The rest of the field is also based on the rankings with a maximum of two eligible players from each country that doesn't already have two or more from the top-15.

In 2021, Schauffele was third in the Official Olympic Rankings and ranked fifth in the world.

Korda, who won her first major championship at the Women's PGA Championship the week the qualification period closed, was No.1 in both categories on the women's side.

Interestingly, Korda's sister, Jessica, also was one of the four women on the US team, finishing in a tie for 15th.

And when they teed it up in Japan, the two followed in their mother's footsteps -- Regina (Rajchrtova) played tennis for Czechoslovakia at the Olympic Games in Seoul in 1988.

The 2023 PGA Tour schedule features a series of 17 designated events with purses of US$20 million or more that are designed to bring the top players together on a regular basis but none are bigger than the majors or the Players, which are spread over a five-month span that begins in March.

The Players kicks things off from March 9-12 on the Stadium Course at TPC Sawgrass. Annually featuring the strongest field in golf, top-to-bottom, the tour's flagship event features a $25 million purse.

Four weeks later comes 2023's first major in the Masters, which is played annually at Augusta National Golf Club. Scottie Scheffler, the PGA Tour's player of the year, will defend his maiden major from April 6-9.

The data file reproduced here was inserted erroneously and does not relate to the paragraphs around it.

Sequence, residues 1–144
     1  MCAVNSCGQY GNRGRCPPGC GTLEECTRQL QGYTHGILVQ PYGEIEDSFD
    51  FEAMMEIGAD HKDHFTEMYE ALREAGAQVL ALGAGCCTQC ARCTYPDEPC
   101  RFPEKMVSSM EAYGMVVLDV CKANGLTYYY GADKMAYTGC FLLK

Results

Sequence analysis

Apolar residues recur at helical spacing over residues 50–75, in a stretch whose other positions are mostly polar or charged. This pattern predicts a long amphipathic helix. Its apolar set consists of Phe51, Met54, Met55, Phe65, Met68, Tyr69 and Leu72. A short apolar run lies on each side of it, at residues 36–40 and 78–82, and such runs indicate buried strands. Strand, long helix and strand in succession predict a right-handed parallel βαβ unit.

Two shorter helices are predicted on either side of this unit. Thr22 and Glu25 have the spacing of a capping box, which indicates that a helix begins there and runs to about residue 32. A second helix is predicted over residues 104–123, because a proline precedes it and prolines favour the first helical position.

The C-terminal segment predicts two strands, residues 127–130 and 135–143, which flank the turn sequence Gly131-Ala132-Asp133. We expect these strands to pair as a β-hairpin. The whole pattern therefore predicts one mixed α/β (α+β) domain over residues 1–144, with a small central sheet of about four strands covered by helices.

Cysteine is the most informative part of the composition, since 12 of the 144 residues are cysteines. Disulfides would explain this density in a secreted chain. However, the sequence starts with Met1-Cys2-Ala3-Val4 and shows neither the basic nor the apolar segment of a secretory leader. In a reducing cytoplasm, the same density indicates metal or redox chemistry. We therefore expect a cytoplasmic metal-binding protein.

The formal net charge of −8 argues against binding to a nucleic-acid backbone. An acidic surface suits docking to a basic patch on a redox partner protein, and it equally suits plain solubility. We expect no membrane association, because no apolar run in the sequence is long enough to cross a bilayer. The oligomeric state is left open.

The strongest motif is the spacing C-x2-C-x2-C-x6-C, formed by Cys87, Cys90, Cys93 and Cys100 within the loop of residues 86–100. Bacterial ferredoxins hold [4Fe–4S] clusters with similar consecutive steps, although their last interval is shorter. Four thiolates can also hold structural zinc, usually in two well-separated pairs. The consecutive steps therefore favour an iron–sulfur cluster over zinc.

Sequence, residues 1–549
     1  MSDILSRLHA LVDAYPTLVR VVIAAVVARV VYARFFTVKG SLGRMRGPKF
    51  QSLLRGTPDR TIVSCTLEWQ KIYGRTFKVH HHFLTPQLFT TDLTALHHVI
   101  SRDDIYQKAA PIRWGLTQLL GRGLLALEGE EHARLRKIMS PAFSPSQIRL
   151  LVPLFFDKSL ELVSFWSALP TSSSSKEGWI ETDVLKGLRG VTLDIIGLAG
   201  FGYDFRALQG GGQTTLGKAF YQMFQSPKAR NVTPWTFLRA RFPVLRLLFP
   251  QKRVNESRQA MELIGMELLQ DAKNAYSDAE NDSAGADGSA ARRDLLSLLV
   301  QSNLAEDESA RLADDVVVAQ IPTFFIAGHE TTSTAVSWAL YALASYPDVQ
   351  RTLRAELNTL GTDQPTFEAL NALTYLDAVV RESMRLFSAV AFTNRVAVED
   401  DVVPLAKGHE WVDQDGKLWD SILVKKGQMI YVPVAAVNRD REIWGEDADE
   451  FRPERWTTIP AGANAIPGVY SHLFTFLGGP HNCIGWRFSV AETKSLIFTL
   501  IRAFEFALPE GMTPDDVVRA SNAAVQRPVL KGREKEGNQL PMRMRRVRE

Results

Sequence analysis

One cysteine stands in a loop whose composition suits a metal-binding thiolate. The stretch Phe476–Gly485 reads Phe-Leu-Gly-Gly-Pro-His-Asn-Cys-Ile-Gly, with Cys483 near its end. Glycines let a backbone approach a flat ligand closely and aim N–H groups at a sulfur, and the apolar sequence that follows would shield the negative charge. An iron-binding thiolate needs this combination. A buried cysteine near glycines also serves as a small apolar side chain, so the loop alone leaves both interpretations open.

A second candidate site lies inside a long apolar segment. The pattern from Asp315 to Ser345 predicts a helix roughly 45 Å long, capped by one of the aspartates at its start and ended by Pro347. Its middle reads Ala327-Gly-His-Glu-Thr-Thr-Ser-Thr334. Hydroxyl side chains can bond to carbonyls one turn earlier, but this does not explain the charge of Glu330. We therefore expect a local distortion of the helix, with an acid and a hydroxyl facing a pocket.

The PGA Championship will be held from May 18-21 at Oak Hill Country Club in Rochester, New York, with Justin Thomas defending.

Matt Fitzpatrick has the honours at the US Open, which will be played from June 15-18 at Los Angeles Country Club, which is hosting its first major as well as the first in the LA area in 28 years.

The British Open at Royal Liverpool in Hoylake, England, rounds out the men's major calendar.

And three weeks later, the FedEx Cup play-offs begin with only 70 players starting in the race to win the $18 million first prize.

The first of five majors on the LPGA Tour in 2023 is also played in April, from 20-23, to be exact.

That's when Jennifer Kupcho defends at the Chevron Championship at the Club at Carlton Woods in the Woodlands, Texas.

The next two majors are back-to-back on the LPGA Tour schedule, although there is a week's break between them.

South Korea's Chun-In Gee gets things going when she defends her title at the Women's PGA Championship from June 22-25 at Baltusrol Golf Club in Springfield, New Jersey.

The US Women's Open features the richest purse on the LPGA Tour at $10 million and a first-time venue for its oldest major in the Pebble Beach Golf Links. Australia's Minjee Lee is the defending champion.

The LPGA Tour goes overseas for its final two majors, which are also played in a three-week span.

The Evian Championship takes centre stage from July 27-30 at the Evian Resort Golf Club in Evian-les-Bains, France where Brook Henderson defends.

And the major season concludes with the Women's British Open, which will be held from Aug 10-13 at Walton Heath Golf Club in Surry, England.

South Africa's Ashleigh Buhai defends after picking up her first major last year after 221 LPGA Tour starts.

Perform well in the big events this year and players can certainly set themselves up to make a run at the Olympics in 2024.